Sustainability Sustainability
Structure - Goals, Indicators

Sustainable City Plan - Structure - Goals, Indicators

The Santa Monica Sustainable City Plan is organized into nine Goal Areas

  1. Resource Conservation
  2. Environmental and Public Health
  3. Transportation
  4. Sustainable Local Economy
  5. Open Space and Land Use
  6. Housing
  7. Community Education and Civic Participation
  8. Human Dignity
  9. Arts and Culture
Goals

Within each Goal Area are specific Goals which comprise the core of the community vision and represent what Santa Monica must achieve in order become a sustainable city.

Indicators

For each goal area specific indicators have been developed to measure progress toward meeting the goals. Indicators are tools that help to determine the condition of a system, or the impact of a program, policy or action. When tracked over time indicators tell us if we are moving toward sustainability and provide us with useful information to assist with decision-making. Two types of indicators are tracked as part of the Sustainable City Plan. System level indicators measure the state, condition or pressures on a community-wide basis for each respective goal area. Program level indicators measure the performance or effectiveness of specific programs, policies or actions taken by the City government or other stakeholders in the community.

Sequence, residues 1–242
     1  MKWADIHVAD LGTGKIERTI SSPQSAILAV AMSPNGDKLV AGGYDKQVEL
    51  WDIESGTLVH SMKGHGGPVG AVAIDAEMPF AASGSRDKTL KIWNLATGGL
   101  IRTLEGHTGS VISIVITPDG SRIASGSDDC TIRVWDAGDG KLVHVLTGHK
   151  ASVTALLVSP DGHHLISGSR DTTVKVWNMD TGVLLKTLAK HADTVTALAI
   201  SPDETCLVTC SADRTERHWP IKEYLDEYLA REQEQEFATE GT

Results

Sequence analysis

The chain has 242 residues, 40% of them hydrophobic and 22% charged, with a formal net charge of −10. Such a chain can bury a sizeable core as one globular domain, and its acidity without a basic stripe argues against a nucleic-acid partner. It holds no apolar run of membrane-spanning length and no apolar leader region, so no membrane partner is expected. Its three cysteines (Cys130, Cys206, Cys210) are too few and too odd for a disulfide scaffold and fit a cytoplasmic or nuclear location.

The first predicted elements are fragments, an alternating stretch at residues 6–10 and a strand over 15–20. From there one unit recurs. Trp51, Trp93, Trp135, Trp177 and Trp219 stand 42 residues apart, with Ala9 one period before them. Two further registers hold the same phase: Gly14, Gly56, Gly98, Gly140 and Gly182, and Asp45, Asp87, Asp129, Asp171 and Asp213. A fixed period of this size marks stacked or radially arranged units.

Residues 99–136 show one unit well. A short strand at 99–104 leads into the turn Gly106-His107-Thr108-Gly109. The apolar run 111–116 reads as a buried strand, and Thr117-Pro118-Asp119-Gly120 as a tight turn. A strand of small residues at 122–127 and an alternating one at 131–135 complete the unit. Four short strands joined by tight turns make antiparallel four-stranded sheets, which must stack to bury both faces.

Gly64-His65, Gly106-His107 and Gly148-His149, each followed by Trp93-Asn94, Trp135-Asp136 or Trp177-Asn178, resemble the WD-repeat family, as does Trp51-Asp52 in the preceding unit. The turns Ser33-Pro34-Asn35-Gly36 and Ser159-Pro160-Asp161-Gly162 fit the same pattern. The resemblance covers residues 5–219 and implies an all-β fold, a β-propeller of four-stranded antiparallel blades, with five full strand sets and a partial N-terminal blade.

Many of the goals and indicators measure more than one area of sustainability. A Goal/Indicator Matrix has been included to demonstrate the linkages between these areas. The amount of overlap shown by the matrix demonstrates the interconnectedness of our community and the far ranging impact of our decisions across environmental, economic and social boundaries.

Specific Targets have been created for many of the indicators. The targets represent aggressive yet achievable milestones for the community. Unless otherwise noted, the targets are for the year 2020 using 2010 as a baseline. For some indicators no specific numerical targets have been assigned. This was done where development of a numerical target was determined to be not feasible or where limits on data type and availability made it difficult to set a numerical target. In many of these cases a trend direction was substituted for a numerical target. 

Terms throughout this document that may be unfamiliar to the general reader are defined in the Glossary.

Last updated: Wednesday, 12/03/2014

 

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Santa Monica Office of Sustainability and the Environment
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